Rambling About Tanglewood: Don't typecast this Frenchman
LENOX -- Call him an opera conductor, call him a symphony conductor -- just don't call him a specialist in French music.
Stéphane Denève, who leads a mixed German and French program at Tanglewood tonight, has been called all three things at various points in his career. He loves and conducts all sorts of music, including the new, he insists.
"I don't feel that specialized," he says in fluent but French-flavored English. "I just want to be specialized like in being good."
He is French, of course: big, bushy-topped and debonair. But he and his family -- wife Asa and daughter Alma, 5 -- are moving from Glasgow, where he conducted the Royal Scottish National Orchestra for six years, to Stuttgart, where he took over the Stuttgart Radio Symphony Orchestra in 2011. He'd rather live in the United States, he says.
Like everybody else, conductors have their little secrets.
Denève's is the link among the three seemingly unrelated works he'll do tonight with the Boston Symphony Orchestra. The opening work, Strauss' "Death and Transfiguration," gives a clue.
After it comes Beethoven's Fourth Piano Concerto, with Lars Vogt as soloist. Its slow movement has long been portrayed as Orpheus' descent into, and return from, the land of the dead.
The evening's finale is Poulenc's Stabat Mater, with its portrayal of Mary at the cross, weeping for Jesus -- who, of course, will rise from the dead.
Voila! A program about transcendence of death.
Denève says he's not out to prove anything, but "I feel sometimes our world is driven by information, by news, by pitch, and life is not a pitch." Instead, he wants to get at the deeper meanings of existence.
Two of the BSO's heroes are also Denève's heroes. He
admires Charles Munch (BSO director, 1949-62) for his "natural" approach to music and musicians, and Serge Koussevitzky (director, 1924-49) for his commissions, such as Bartok's Concerto for Orchestra, that went on to become bulwarks of the repertoire.
"I'm only an interpreter," Denève said in an interview on a quiet day at Tanglewood. "I'm not a composer, and I say that with no fake modesty. It's just that, if in my life I'm lucky enough to commission the right piece, the right person, and if I bring to this world even one masterwork, I would have actually something in my life."
Denève was born 41 years ago in Tourcoing, in the north of France. Little did he know, as his website puts it, that he would someday be "conducting and recording the music of Tourcoing's most famous son, the composer Albert Roussel,"
Starting music studies on trumpet at 8, Denève trained in conducting and vocal coaching at the Paris Conservatoire, where he graduated with first prize. As pianist for the Orchestra de Paris chorus, he caught conductor Georg Solti's attention. He became Solti's assistant at the Paris Opera and London Philharmonic.
In time, he also assisted Seiji Ozawa at the opera. An admirer of the former BSO director, he'll return to Ozawa's Saito Kinen Festival in Japan this month to conduct half of a twin bill of Ravel operas. Ozawa, though ailing, is scheduled to conduct the other half.
Vignettes from the career of a typecast conductor:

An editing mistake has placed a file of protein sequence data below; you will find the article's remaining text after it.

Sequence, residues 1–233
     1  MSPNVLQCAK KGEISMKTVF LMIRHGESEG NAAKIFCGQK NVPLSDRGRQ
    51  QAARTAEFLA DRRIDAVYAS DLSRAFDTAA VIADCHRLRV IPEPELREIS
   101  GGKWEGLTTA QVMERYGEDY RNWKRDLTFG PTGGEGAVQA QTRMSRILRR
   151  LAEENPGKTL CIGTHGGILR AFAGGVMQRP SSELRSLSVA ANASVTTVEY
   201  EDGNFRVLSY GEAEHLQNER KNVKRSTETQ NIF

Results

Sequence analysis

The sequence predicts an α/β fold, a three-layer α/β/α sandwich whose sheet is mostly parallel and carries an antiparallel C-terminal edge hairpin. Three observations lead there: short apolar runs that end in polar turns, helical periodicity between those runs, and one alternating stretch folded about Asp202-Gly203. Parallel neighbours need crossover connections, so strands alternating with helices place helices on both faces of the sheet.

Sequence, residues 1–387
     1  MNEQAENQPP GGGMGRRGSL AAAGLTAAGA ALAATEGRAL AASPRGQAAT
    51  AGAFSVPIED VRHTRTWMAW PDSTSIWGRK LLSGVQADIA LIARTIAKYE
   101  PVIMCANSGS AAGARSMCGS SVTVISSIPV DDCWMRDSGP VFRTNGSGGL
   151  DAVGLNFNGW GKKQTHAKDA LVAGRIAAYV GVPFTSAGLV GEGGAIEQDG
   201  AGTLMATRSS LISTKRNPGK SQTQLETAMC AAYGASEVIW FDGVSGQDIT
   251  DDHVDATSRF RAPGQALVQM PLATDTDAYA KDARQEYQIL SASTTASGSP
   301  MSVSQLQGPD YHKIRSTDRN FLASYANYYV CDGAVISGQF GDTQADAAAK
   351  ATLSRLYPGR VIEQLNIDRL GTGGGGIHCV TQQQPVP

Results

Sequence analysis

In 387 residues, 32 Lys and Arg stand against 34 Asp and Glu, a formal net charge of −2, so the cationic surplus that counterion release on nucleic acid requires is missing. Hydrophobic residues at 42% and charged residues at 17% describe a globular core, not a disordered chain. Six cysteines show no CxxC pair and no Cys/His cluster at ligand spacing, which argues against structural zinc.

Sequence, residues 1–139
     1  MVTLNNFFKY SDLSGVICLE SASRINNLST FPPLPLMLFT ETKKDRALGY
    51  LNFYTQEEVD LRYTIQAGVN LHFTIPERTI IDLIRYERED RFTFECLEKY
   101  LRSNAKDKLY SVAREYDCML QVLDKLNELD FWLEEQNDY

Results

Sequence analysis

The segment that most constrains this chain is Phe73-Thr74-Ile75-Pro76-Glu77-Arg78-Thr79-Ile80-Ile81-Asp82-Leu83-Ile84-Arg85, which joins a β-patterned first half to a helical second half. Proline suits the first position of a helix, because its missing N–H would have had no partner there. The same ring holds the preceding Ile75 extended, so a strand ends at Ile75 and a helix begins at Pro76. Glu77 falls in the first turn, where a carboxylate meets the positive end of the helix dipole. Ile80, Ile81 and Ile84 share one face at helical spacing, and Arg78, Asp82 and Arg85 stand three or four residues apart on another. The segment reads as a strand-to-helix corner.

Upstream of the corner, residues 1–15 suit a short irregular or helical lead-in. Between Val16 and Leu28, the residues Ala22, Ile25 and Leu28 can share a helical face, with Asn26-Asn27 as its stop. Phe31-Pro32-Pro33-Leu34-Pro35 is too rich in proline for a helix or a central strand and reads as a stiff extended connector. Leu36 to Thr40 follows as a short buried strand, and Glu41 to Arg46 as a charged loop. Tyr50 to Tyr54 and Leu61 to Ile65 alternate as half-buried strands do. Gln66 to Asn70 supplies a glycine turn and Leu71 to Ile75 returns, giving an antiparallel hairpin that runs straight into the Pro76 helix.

When he began his career, he was doing mostly opera, including a lot of Mozart. He was quite successful, he recalls.
"So anyway, here I am. I was the new Mozart opera conductor. Okay. Right. So I had this image. Then actually I started to do more and more symphony, and I wanted to be not too much French." He piled on the Mendelssohn, Brahms and Schumann, later adding Mahler and Bruckner.
That, too, was successful, earning him the image of a romanticist conductor. Meanwhile, he was also having success with French orchestral music. He recorded all of Debussy and most of Roussel.
"Now I had to fight to keep opera in my schedule," he remembers, "because I'm very much asked for symphony."
He's flattered and happy that people consider him in the great French tradition but, "more than that, I love every music and, yes, I do a lot of German repertoire in Stuttgart."
His repertoire extends to Gershwin's "An American in Paris," which he'll do at Tanglewood on Parade Tuesday night, and three programs, including "A Bernstein Extravaganza" with the New York City Ballet, with the Philadelphia Orchestra at Saratoga next week. And there was the exhilarating all-Debussy program he conducted and coached with the Tanglewood Music Center Orchestra last month.
Stuttgart, according to this conductor, is "a very musical city," with abundant orchestras, choruses, opera and a Bach academy. His radio orchestra, he says, reflects a continuing German respect for the arts.
"You really feel that they are not doing music for a living. They're doing music because it shows this life. And I feel it in every rehearsal."
But it's America he longs for as he and the family sojourn for 10 days in a borrowed home in Lenox, which, he says, lacks only a piano. From there he's making forays to conduct the Cleveland and Philadelphia orchestras at their summer festivals.
"I adore this country, actually, and my wife and I, we would love to live in this country," he declares. Touring in summer to lead its great orchestras "is just a treat. It's a very great way to spend a vacation."
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